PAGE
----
Coinbase, the largest U.S.-based crypto exchange, knows how to compete with the big boys. While Fidelity Digital Assets has been dominating the headlines with news of its soon to be launched crypto trading desk, coupled with its top-of-the-line custodial service, Coinbase has already been moving about in the shadows with its comparable crypto service and has already established a $1 billion beachhead with the institutional crowd of investors.
During the Consensus conference in New York, CEO Brian Armstrong announced to the amazement of the gathering throngs:
For Coinbase custody, we launched the product about 12 months ago. We just crossed $1bn AuM [assets under management]. We have 70 institutions adding $150m AuM a month. To a large degree that’s been a success.
By the way, Coinbase is no small enterprise. It recorded revenues of $1 billion for 2018.
When one thinks of crypto exchanges, one immediately assumes that these companies only cater to the retail trading crowd that wants to dabble in cryptocurrencies. The management team at Coinbase is strategizing well into the future. It actually launched its own custody service to attract investors from banks, hedge funds, family offices, and asset managers. As Armstrong explains: “I think that space will keep growing really rapidly. Every institution is going to have a crypto part of the business in the next few years if they don’t already.” It is starting to sound like the early days of the Internet, when everyone suddenly had to have a website and a good one, at that.
While analysts search in vain for reasons for the recent surge in Bitcoin prices, they have a difficult time assessing if any of the momentum is really due to institutional investors jumping into the crypto market. There was much to do in market commentary when BTC took a supposed dive back to $7,000 over the past week, but a common practice of “big money” players is to sell at a low price in order to see a dip in the market, so they can place their large “Buy” order. As expected under this scenario, Bitcoin has rebounded and is back at the $8,000 threshold once more, as if nothing happened.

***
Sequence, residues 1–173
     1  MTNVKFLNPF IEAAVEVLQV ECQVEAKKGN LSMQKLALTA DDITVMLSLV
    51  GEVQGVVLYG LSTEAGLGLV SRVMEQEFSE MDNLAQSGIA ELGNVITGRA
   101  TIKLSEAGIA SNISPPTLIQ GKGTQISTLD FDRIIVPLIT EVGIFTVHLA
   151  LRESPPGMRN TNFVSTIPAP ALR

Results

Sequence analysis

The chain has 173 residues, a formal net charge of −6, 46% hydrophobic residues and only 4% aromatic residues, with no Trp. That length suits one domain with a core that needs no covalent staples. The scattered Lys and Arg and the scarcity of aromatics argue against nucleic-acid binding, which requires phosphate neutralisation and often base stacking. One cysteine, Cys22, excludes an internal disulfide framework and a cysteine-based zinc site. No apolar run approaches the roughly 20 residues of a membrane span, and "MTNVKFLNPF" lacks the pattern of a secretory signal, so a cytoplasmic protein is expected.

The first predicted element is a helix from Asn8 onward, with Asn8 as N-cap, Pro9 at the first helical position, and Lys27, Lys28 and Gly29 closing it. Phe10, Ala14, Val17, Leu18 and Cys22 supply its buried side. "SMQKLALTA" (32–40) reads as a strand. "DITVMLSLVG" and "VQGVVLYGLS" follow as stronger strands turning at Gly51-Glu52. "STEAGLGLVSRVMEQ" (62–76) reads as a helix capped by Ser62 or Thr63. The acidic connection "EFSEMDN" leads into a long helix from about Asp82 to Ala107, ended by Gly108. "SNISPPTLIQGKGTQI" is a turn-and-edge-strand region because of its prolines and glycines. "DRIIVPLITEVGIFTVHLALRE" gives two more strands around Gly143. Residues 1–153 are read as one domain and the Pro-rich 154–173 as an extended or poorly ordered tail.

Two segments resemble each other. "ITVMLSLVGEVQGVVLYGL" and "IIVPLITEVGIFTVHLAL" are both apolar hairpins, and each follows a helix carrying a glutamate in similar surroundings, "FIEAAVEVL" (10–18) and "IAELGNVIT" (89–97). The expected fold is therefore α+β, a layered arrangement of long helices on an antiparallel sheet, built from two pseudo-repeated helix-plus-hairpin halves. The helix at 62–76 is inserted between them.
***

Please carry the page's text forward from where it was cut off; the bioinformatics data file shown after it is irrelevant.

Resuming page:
Venture capitalist Fred Wilson, who is an investor in Coinbase and appeared with Armstrong at the big crypto confab last week, has also observed that the entry of institutional investment capital has been more broad-based than others have surmised:
When people read in the Wall Street Journal that institutions are coming to crypto, what they think is BlackRock’s coming to crypto, Goldman’s coming to crypto. Actually, that’s not what has happened.
Wilson, who runs Union Square Ventures, also noted that the “first two big buckets of institutional money were specialised cryptocurrency funds and venture capitalists who received crypto tokens in return for their investments and needed somewhere to store them”. Armstrong chimed in with: It “still feels like we’re in the early days” of cryptocurrency.
Armstrong concluded that:
When television first came out it was this grainy image in black and white, and the audio barely worked. People were saying why would I use that, I can get all my information from the radio? Same thing with electric cars, the early ones looked like toys. That’s what we’re seeing with crypto, right? What you typically see in these markets is certain niche areas adopt it and it eventually becomes more and more mainstream.